Dare to try it! Live more richly. Paint your canvas from the whole palette. Be happy now.


  • Tip number 1: A few years ago, we had a particularly stressful day in our office. There were too many deadlines, too much overtime, for too many days in a row. I called Linda: “It’s an emergency! Get some noisemakers and party hats!”

    Twenty minutes later, my inventive wife showed up with those items, some confetti and streamers, and a birthday cake. (It wasn’t anybody’s birthday).

    We closed the door, put on our hats, and buzzed everybody to come to the conference room.

    The surprise made the day! We partied cacophonously for 10 minutes, and went back to our tasks rejuvenated. The glow of our fun lasted many days.

    So the first tip for those of you wanting to be happy momentarily is, throw a party! You don’t need a reason—or even an excuse!

  • The second tip is be more aware. Stop. Really see your surroundings. Bet you can find something truly amazing (and fun!) inside of 10 seconds.

    What’s that smell? Look how colorful the fly is that’s buzzing your computer screen. Notice the profusion of plants, flowers, and animals around a river or park next time you drive near one.

  • Tip number 3: Seek out things to be happy about. Thank your spouse for the wonderful dinner he provided. Tickle your child/grandchild/spouse/boss. Look at the stars in the nighttime sky with someone you love.

    Need some clues? Look for the 6 Ws always around you: Who, What, Where, When, Why and Wow!

    In short, be happy on purpose.

  • Tip number 4: See the happiness in tough situations, too. There is no law you must have a long face in trying times. A smile on your face might make the load lighter—or even reveal a hidden blessing.

    I recently read about a father called away from work to his son’s auto accident scene.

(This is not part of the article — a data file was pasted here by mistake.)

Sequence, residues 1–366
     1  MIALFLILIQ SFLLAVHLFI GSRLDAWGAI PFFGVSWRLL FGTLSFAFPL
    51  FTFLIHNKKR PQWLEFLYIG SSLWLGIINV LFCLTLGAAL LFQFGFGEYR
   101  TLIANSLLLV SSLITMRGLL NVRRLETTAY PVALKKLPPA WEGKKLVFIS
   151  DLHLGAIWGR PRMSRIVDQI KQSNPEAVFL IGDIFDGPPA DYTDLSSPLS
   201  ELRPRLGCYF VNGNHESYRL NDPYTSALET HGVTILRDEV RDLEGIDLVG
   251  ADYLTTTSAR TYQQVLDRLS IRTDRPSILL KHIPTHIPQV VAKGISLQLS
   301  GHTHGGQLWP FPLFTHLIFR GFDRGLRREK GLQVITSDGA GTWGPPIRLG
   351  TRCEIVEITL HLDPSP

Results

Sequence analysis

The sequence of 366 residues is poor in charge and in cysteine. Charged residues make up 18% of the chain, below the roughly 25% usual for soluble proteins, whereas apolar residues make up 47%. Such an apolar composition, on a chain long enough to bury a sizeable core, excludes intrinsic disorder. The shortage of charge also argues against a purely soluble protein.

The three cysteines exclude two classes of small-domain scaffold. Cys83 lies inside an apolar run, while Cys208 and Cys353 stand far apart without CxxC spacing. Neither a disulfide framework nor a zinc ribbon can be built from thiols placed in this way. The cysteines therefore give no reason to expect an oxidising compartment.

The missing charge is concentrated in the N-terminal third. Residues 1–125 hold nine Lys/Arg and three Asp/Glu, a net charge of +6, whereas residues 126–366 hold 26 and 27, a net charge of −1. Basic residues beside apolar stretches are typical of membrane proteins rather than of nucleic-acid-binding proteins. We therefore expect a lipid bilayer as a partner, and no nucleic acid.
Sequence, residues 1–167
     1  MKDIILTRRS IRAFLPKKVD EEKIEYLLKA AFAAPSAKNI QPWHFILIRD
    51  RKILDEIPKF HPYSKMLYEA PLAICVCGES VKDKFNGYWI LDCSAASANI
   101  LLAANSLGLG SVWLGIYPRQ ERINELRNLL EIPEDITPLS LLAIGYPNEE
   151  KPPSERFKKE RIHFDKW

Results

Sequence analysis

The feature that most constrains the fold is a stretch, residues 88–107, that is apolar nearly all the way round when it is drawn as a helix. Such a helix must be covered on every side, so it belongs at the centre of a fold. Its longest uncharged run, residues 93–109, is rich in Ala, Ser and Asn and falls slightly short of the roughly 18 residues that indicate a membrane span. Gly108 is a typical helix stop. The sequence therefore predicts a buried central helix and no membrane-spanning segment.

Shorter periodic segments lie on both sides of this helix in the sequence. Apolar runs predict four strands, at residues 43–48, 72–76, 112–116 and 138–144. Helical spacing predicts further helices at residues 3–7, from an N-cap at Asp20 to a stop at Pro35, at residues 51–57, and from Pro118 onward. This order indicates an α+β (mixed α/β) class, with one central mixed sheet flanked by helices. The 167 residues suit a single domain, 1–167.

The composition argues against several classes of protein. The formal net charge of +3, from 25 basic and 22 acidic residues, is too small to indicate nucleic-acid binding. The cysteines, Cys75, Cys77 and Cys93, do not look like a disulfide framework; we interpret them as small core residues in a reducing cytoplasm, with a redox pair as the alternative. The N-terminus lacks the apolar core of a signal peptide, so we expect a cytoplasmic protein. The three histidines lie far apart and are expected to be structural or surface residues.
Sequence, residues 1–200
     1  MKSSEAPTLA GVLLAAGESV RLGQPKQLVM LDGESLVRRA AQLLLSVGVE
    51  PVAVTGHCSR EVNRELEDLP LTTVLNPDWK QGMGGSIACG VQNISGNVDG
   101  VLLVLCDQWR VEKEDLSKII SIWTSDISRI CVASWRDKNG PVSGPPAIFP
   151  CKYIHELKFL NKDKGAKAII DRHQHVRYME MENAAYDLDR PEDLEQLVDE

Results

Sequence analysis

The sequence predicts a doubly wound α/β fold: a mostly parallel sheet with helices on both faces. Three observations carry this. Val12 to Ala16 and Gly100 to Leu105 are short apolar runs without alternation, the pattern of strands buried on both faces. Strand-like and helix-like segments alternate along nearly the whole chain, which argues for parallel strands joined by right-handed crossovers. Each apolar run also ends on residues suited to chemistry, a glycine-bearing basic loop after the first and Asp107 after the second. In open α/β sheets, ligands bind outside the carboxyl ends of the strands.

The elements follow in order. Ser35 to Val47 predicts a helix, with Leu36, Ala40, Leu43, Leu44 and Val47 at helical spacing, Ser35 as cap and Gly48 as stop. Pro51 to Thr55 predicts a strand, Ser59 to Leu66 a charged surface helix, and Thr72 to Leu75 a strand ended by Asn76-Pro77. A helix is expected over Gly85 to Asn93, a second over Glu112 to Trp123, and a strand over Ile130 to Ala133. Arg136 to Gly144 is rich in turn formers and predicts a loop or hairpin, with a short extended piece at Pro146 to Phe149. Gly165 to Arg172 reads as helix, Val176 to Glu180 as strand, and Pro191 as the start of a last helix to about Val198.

The father arrived in time to climb into the ambulance with his son. On the ride, he told his son that he didn’t know what the future held, all they had was now. He had his son try out fingers and toes to see what worked. Then they talked over things they could be happy about: having time together; having a loving mother and wife, the pain allowing the son to concentrate on the conversation. They did some relaxation exercises together.

    When they got to the hospital, they realized they had grown closer by what they had shared: Even an ambulance ride gave them a happy gift.

  • Tip 5: Be grateful. Be thankful for all you do have: Two good arms, 10 wiggly toes, people who love you.

  • Tip 6: Just be. Stand in the present and observe. “Wherever you are, be all there.”

  • Tip 7: Make the people around you happy. It rubs off—see if it doesn’t!

    Replace “Have a nice day” with “Make it a happy day.”

    Saint-Exupéry wrote: “We are the children of the age of comfort, yet we are filled with an inexpressible happiness when we share our last crust with others in the desert.”

    We are most profoundly happy when we are helping others, making them happy. The only in-depth, lasting happiness is to share it with others, and to be happy in God’s presence.


You can never be happy until you’re happy now.

Start the day deciding to be happy. Each moment you think of it, decide to be happy just for that moment.

Practice being momentarily happy. Let me know what happens.

Douglas D. Germann, Sr. works with people who want more meaning in their lives and with organizations who want to grow their leaders. For permission to reprint contact Doug at 574/291-0022, or e-mail Doug AT

Published in: | | on September 5th, 2005 | No Comments »